Question: My son recently got his first three teeth and has done a number on my nipples. It seems he is more likely to bite down when upset or just really tired. What is the best way to deal with this problem?
Answer: Many new mothers tell me that they plan to nurse their babies for six months, or until they get teeth. With the American Academy of Pediatrics now recommending nursing for at least a year, it makes sense to re-examine our ideas about breastfeeding babies with teeth. I have had two babies out of six who got teeth at four months, so if I had weaned them at that stage, they wouldn’t have been able to nurse for long at all. And yes, I have been bitten a few times.
The most memorable time was right in the middle of a breastfeeding class. I was trying to get my squirmy seven month old to settle down and be still while I was teaching, and I absentmindedly tried to get him to nurse without really looking at him. Apparently he decided that he wasn’t getting nearly enough attention, and besides, he didn’t really want to nurse right then. He chomped down hard and I jumped about three feet off the chair. The mothers in the class got to see a vivid visual demonstration of biting, and I never tried to nurse him without paying attention to his signals again. He went on to nurse for years and never bit me again.
Many babies never ever bite at all, and most who try it once or twice usually respond to your startled reaction by never doing it again. Biting can cause soreness or even nipple damage. We’re talking about a very sensitive portion of your anatomy here, so getting bitten even once is one time too many! However, biting is rarely more than a very short-term problem, and I can honestly say that in 35 years of working with nursing moms, I have never known of a single case of a baby actually biting a nipple off completely. Now, don’t you feel better about the whole thing?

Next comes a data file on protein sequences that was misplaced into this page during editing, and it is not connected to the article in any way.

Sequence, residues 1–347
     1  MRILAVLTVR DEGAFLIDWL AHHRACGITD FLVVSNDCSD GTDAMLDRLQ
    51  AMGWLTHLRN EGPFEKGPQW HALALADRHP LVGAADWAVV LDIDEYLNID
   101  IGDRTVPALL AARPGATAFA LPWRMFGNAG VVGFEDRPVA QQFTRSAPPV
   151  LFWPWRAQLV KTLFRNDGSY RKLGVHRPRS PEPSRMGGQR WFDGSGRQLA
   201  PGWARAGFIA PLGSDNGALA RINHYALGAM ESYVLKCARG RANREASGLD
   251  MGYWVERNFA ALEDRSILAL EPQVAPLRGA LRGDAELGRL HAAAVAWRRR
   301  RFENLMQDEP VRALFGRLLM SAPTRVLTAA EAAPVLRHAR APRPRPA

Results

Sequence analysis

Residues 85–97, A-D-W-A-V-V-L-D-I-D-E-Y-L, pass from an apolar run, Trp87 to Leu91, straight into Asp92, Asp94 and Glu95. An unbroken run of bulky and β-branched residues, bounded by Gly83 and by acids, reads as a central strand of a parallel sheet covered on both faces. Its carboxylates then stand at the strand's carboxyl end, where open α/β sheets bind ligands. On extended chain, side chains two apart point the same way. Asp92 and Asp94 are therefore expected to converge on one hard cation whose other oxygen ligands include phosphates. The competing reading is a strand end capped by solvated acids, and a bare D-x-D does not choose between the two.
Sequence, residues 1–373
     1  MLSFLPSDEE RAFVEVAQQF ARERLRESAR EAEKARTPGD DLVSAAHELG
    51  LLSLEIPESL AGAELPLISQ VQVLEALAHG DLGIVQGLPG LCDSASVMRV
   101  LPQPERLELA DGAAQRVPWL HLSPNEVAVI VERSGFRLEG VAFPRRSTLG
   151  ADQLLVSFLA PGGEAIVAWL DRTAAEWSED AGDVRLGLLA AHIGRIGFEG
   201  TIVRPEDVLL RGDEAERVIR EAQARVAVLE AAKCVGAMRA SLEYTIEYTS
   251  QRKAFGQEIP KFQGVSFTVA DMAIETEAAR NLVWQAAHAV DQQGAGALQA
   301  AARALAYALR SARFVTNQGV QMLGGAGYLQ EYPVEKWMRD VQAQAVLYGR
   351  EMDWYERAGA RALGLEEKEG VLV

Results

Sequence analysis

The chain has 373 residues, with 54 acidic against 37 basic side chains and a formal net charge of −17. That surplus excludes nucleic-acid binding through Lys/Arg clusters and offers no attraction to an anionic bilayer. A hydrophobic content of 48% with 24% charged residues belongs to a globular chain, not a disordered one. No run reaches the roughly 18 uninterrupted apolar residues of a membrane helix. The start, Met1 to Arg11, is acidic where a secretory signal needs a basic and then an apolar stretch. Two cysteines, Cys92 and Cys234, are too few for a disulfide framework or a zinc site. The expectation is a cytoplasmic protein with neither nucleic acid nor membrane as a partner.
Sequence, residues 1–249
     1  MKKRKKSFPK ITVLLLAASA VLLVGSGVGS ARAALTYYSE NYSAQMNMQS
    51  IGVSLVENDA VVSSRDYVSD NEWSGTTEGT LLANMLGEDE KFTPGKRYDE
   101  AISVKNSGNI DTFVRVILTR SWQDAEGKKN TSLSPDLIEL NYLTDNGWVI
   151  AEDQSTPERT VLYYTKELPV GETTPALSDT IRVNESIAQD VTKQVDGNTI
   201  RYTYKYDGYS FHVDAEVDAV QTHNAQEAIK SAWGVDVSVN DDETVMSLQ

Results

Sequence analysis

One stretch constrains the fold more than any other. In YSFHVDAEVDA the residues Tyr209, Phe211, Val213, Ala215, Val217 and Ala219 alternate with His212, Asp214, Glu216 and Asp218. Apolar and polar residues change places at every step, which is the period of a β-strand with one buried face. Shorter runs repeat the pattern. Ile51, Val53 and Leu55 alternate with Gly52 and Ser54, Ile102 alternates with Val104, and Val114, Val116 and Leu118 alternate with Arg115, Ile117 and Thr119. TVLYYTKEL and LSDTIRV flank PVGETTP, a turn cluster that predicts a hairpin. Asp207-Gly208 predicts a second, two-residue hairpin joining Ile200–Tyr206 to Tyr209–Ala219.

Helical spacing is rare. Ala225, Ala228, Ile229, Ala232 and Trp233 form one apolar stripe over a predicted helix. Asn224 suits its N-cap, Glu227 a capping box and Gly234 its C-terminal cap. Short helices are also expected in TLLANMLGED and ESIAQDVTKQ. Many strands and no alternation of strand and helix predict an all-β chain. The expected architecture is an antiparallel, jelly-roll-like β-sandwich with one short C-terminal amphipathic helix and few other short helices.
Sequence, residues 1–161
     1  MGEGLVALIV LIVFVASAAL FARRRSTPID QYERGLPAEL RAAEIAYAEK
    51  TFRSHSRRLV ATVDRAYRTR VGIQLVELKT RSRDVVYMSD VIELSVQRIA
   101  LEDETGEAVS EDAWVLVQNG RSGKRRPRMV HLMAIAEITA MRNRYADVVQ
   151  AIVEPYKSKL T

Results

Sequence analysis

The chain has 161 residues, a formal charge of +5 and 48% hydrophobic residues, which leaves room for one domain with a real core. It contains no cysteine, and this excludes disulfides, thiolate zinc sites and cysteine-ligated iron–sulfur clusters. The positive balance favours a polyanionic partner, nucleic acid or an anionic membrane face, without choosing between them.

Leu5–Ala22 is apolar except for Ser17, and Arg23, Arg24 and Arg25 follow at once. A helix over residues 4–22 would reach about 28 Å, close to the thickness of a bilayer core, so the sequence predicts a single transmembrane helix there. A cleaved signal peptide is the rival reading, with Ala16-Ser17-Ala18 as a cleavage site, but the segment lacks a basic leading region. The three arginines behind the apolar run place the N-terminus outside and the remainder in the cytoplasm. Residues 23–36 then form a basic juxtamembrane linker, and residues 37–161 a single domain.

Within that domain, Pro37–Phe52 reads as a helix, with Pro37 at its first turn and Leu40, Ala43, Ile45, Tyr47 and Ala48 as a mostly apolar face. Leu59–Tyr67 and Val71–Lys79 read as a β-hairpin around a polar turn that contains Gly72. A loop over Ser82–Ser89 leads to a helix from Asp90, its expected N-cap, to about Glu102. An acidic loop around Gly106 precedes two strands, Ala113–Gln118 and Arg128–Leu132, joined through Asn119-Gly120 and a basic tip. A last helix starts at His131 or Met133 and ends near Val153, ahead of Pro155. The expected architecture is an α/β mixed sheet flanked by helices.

With some babies, it is a little harder to break the biting habit, but all babies, no matter how old, can learn not to bite. A baby who is latched on and nursing properly cannot bite the breast. If the nipple is positioned far back in his mouth, and his lips and gums are positioned about an inch behind the nipple on the areola, then his tongue will cover his gums, between his lower teeth and your breast. If he is actively nursing, he can’t bite and if he is biting, he can’t be actively nursing at the same time.
Most babies bite because they are frustrated: their gums hurt, they are tired and fighting sleep, they’re bored, or they are upset about something. They also bite because they think it’s a funny thing to do – they’ll chomp down and then grin at you. They think they’re playing a new game, and get their little feelings hurt when you make it clear that you don’t find it all all amusing.
Here are some tips on how to prevent biting:
1) Make sure his mouth is open wide, and pull him in closely so the nipple is far back in his mouth. Sometimes after he has been nursing a while, he gets sleepy and the nipple pulls back in his mouth, and he may bite reflexively as he feels the nipple slipping away.
2) Stop the feeding immediately if he bites you. Even a very young infant can learn that if he wants to nurse, he can’t bite. If he is teething, offer him something to teethe on, such a teething toy, a cold washcloth, a frozen bagel or banana (if he is eating solids), a breast milk popsicle or a knuckle (my baby’s favorite). If he tends to bite at the beginning of a feeding, offer him a teething substitute before the feeding. Very young babies can learn that some things are appropriate to bite down on, but your nipple isn’t one of them.
3) If your baby continues to bite, try telling him in a firm voice,” No, that hurts Mommy!” and then put him down. He won’t like it, but he will quickly learn that if he wants to nurse, he can’t bite. Be sure to comfort him after a few seconds, but don’t continue to let him nurse if he bites. Hopefully this will be a very temporary stage for you and your baby. For more information, see article Teething and Biting.
Anne Smith, IBCLC